The rather unrestrained use of second-order logic in the neo-logicist program is critically examined. It is argued in some detail that it brings with it genuine set-theoretical existence assumptions and that the mathematical power that Hume’s Principle seems to provide, in the derivation of Frege’s Theorem, comes largely from the ‘logic’ assumed rather than from Hume’s Principle. It is shown that Hume’s Principle is in reality not stronger than the very weak Robinson Arithmetic Q. Consequently, only a few rudimentary facts (...) of arithmetic are logically derivable from Hume’s Principle. And that hardly counts as a vindication of logicism. (shrink)
In two recent papers, Bob Hale has attempted to free second-order logic of the 'staggering existential assumptions' with which Quine famously attempted to saddle it. I argue, first, that the ontological issue is at best secondary: the crucial issue about second-order logic, at least for a neo-logicist, is epistemological. I then argue that neither Crispin Wright's attempt to characterize a `neutralist' conception of quantification that is wholly independent of existential commitment, nor Hale's attempt to characterize the second-order domain in terms (...) of definability, can serve a neo-logicist's purposes. The problem, in both cases, is similar: neither Wright nor Hale is sufficiently sensitive to the demands that impredicativity imposes. Finally, I defend my own earlier attempt to finesse this issue, in "A Logic for Frege's Theorem", from Hale's criticisms. (shrink)
A crucial part of the contemporary interest in logicism in the philosophy of mathematics resides in its idea that arithmetical knowledge may be based on logical knowledge. Here an implementation of this idea is considered that holds that knowledge of arithmetical principles may be based on two things: (i) knowledge of logical principles and (ii) knowledge that the arithmetical principles are representable in the logical principles. The notions of representation considered here are related to theory-based and structure-based notions of (...) representation from contemporary mathematical logic. It is argued that the theory-based versions of such logicism are either too liberal (the plethora problem) or are committed to intuitively incorrect closure conditions (the consistency problem). Structure-based versions must on the other hand respond to a charge of begging the question (the circularity problem) or explain how one may have a knowledge of structure in advance of a knowledge of axioms (the signature problem). This discussion is significant because it gives us a better idea of what a notion of representation must look like if it is to aid in realizing some of the traditional epistemic aims of logicism in the philosophy of mathematics. (shrink)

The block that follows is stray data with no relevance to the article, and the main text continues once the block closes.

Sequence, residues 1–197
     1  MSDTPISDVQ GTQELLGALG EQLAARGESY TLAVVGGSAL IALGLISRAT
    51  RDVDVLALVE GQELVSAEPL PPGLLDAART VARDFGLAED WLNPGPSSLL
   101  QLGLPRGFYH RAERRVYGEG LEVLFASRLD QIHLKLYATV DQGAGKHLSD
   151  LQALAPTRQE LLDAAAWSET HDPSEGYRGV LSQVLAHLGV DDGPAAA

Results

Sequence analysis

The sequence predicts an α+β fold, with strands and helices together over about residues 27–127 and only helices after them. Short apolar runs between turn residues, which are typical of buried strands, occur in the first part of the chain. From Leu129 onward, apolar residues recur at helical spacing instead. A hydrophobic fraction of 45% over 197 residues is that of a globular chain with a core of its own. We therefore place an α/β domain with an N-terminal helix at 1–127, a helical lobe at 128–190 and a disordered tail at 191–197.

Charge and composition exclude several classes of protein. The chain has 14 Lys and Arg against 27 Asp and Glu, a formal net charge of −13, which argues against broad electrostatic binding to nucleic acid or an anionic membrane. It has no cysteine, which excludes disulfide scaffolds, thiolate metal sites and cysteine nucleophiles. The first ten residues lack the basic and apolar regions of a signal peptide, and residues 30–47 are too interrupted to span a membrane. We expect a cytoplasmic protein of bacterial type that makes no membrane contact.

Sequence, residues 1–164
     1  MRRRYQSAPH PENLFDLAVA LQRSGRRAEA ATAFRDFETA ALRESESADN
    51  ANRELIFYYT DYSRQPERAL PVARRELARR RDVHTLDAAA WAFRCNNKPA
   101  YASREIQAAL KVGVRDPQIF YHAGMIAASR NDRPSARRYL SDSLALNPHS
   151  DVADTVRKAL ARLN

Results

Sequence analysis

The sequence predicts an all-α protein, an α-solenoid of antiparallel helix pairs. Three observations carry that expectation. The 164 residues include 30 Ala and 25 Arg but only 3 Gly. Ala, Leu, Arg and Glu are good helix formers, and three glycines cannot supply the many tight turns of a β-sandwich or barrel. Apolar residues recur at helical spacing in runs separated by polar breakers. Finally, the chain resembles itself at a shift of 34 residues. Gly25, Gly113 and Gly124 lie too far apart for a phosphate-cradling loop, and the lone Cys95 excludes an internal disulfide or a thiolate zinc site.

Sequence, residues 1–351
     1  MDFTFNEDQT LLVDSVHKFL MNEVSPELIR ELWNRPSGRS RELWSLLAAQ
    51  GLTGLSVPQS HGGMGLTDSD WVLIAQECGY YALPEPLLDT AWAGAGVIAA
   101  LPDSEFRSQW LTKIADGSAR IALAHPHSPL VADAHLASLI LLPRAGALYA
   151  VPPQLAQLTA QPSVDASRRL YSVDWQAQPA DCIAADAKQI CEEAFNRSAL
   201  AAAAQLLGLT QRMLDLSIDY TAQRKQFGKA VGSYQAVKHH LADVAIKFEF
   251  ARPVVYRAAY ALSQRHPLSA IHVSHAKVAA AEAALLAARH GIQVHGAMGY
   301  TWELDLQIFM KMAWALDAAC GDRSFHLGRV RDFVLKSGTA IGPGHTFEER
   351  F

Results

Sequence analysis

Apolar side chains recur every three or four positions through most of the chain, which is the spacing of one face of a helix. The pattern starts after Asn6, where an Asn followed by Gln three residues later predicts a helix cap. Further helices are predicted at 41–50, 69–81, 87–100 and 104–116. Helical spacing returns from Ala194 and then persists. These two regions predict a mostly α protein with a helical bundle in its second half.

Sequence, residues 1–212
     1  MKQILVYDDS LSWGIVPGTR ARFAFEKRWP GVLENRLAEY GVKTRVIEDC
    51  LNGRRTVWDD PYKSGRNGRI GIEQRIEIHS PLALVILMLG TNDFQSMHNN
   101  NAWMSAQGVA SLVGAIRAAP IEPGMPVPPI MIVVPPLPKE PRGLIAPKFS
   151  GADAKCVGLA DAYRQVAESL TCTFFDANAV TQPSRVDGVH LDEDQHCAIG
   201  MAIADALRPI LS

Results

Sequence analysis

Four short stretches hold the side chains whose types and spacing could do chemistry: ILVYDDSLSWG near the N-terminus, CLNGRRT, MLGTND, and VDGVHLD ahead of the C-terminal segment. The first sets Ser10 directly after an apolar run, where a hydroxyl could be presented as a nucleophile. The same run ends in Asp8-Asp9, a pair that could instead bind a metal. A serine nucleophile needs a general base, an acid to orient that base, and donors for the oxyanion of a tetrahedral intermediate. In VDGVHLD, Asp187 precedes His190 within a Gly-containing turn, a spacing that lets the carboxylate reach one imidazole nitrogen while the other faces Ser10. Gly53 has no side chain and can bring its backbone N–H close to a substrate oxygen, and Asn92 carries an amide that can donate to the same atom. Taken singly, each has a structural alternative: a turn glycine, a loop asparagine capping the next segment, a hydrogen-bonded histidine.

Logicism Lite counts number‐theoretical laws as logical for the same sort of reason for which physical laws are counted as as empirical: because of the character of the data they are responsible to. In the case of number theory these are the data verifying or falsifying the simplest equations, which Logicism Lite counts as true or false depending on the logical validity or invalidity of first‐order argument forms in which no numbertheoretical notation appears.
The idea that mathematics is reducible to logic has a long history, but it was Frege who gave logicism an articulation and defense that transformed it into a distinctive philosophical thesis with a profound influence on the development of philosophy in the twentieth century. This volume of classic, revised and newly written essays by William Demopoulos examines logicism's principal legacy for philosophy: its elaboration of notions of analysis and reconstruction. The essays reflect on the deployment of these ideas (...) by the principal figures in the history of the subject - Frege, Russell, Ramsey and Carnap - and in doing so illuminate current concerns about the nature of mathematical and theoretical knowledge. Issues addressed include the nature of arithmetical knowledge in the light of Frege's theorem; the status of realism about the theoretical entities of physics; and the proper interpretation of empirical theories that postulate abstract structural constraints. (shrink)
This paper argues against Oaksford and Chater's claim that logicist cognitive science is not possible. It suggests that there arguments against logicist cognitive science are too closely tied to the account of Pylyshyn and of Fodor, and that the correct way of thinking about logicist cognitive science is in a mental models framework.